Unapproved protests of more than one person are illegal, so Arshak Makichyan has picketed solo in Pushkin Square for months to call for climate action
— If you want to protest in Russia, it easier to move to another country. But Russia is a part of our planet and we need to change all countries, not only the “good” ones.
We cannot be ruled by fear. But fear came first. I was a 24-year-old student when I read about Greta Thunberg on Greenpeace International. I could not even imagine doing something like that in Russia. This was in October.
Then, in February, I was at a march in memory of the former deputy prime minister Boris Nemtsov, who was killed because he was not afraid. Something changed in me. I understood that it was now or never.
After fear there is the search for opportunities. You need to understand there are very contradictory laws for protests in Russia.
If you under 18 years old, it is illegal. If you are older, you can protest only alone, because every protest with more than one person must be approved by the government.
The government has set aside Sokolniki park for protest, they call it ‘Hyde Park’ after the famous activism site in London. It’s so quiet there you might as well protest in a forest, but it’s very difficult to receive an approval for a better place.
We staged our first student strike there in March. It was really hard to get the information out about that action. Even Greenpeace Russia at first was afraid to write about it, because in Russia it’s now illegal to “involve” a minor in a protest. Still, around fifty people came.
One of the coordinators told me that the police called her school and asked for information about her, saying she was suspected of attracting minors to “extremist” activities. Most likely they wanted to scare her, because it would look terrible for them to arrest her. They don’t need to jail everyone, they just need everyone to be afraid.
Sokolniki is where we had planned to hold another march on Friday, as part of the next global strike for climate, but on Thursday the authorities cancelled our permit claiming some technicality.
Visible protest in Moscow is very important. The politicians are most afraid of big protests in big cities and here people are more ‘liberal’. So, like Greta, I decided to make my stand alone, every Friday in Pushkin Square in the middle of the capital.
At first, the police didn’t care about my single picket (most likely they thought that I’m just crazy). But after six weeks of striking each Friday, the English-language Moscow Times asked me for an interview. The next week, during my picket, the police came to me and asked loads of questions. Why do you do it? How much are you being paid? They care about my answers. A thousand roubles? Why so little? Then they took picture of my passport and went to consult with their chiefs.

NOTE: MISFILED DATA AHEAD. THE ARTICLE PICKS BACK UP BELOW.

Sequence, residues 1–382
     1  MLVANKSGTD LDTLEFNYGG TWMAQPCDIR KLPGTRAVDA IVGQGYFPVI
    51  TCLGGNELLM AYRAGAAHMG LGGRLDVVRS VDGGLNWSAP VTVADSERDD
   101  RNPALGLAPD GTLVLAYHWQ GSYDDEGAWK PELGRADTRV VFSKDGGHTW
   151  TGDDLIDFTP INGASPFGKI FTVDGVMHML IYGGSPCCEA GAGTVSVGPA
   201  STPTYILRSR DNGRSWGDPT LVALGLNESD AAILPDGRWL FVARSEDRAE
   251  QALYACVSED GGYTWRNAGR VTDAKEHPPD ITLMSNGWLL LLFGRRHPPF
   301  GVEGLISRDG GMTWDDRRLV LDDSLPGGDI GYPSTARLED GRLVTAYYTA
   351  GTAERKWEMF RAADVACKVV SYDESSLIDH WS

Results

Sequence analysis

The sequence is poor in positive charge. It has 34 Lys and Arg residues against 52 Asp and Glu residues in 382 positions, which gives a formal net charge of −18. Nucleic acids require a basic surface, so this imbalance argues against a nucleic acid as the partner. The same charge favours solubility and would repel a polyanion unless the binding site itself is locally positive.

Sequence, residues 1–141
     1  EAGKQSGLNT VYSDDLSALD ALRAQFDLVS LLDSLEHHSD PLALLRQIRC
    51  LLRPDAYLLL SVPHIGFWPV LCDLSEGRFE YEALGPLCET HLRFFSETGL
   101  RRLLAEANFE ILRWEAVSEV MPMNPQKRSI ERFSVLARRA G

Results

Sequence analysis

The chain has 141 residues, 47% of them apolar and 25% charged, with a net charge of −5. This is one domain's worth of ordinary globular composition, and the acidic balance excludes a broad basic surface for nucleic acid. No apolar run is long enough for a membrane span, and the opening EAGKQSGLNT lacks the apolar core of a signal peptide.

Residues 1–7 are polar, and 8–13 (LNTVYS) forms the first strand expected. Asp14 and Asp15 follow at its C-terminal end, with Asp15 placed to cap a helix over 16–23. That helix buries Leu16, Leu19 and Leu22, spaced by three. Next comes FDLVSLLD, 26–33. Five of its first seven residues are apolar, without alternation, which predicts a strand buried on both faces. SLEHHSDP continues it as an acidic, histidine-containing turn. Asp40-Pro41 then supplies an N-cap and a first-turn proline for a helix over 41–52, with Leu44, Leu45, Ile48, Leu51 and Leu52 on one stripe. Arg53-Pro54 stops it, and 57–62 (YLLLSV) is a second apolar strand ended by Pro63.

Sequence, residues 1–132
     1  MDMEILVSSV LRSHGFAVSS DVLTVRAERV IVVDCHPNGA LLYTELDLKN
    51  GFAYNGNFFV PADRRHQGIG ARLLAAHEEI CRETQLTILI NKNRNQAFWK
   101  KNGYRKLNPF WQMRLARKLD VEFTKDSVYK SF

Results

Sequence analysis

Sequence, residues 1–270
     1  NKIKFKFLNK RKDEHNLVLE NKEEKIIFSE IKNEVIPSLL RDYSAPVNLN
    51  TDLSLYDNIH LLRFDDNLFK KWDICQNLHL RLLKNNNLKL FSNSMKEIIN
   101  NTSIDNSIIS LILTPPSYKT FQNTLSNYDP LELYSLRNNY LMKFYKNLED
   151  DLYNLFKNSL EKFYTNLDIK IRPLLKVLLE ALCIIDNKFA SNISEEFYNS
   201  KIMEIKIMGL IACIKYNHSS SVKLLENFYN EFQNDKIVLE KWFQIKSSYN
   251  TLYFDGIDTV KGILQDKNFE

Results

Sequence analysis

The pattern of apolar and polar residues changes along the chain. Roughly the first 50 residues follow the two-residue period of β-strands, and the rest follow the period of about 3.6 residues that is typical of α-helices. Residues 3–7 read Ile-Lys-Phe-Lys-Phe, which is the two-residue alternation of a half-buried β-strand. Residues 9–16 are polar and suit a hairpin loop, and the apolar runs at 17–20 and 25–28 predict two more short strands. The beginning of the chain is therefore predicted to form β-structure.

The best path for them is to ignore me. They are watching and waiting. When I make my first mistake, or when my protest becomes more effective, I think they will jail me.
But there is some good news too. I’m not alone anymore. As part of the next global school strike on 24 May, we are organising with the student union Uchenik.
In other cities, protests are less restricted. Kirov, Yaroslavl, Irkutsk, Blagoveshchensk, Saint Peterburg, Saratov and Nizhny Novgorod all have protests planned.
And there are many people who want to join to me but can’t or are afraid to go alone and can’t go with me because of the law. On Twitter and on Russian social media, people are talking about my pickets. Last week one student did a single picket in Yaroslavl, and another helped me set up the Fridays for Future Russia Instagram page. Many people took part in my flash mob #LetRussiaStrikeForClimate. I have many new friends with whom I can talk about climate change in the Russian language.
Choosing friends is important. Who can you trust or not? You start to get kind of paranoid, because in Russia you can’t be sure.
Now I’ve been protesting for ten weeks, I have to choose what to do next. It’s a choice between the people close to me, who disprove of my strikes because they afraid for me… and the future.
Why is it difficult to protest here? Because the north remembers: Stalin’s repression, the February Revolution and civil war, the 90s after the collapse of the Soviet Union. Times change, but fear remains.
We fear because of Russian laws and politicians. We have a constitution and rights, and we have a reality.
If you work, the authorities can lay you off from your job because of your protest. The police can torture and beat you if they want or they can send someone to do it (and they have many other ways of blackmail and intimidation). And there are no fair courts, because they do what they are told to do.
If you want to protest about climate change, you need to know that most Russian people think that it’s good for them or don’t know anything about it. Most Russians must fight to survive and have no time for science. They have more ‘real’ and obvious problems.
That’s why oil companies don’t need to spend money to lie or manipulate our understanding. And don’t forget, here oil companies and mass media are mostly state owned. That’s why “our” mass media are completely silent about global warming. Like when the UK declared an ecological emergency, they said nothing, about the Fridays for Future protests of more than one million people around the world, they said nothing.
And even if you decide to protest, for many, many people (maybe even for your parents) it means meaning you are a spy from the US (or something like that), especially for those who like to watch Russian TV.
If you love freedom, you must be jailed; if you love nature, you must destroy it; if you are a good man, you must go to war. The Russian soul is difficult to understand.
by Arshak Makichyan | Climate Home News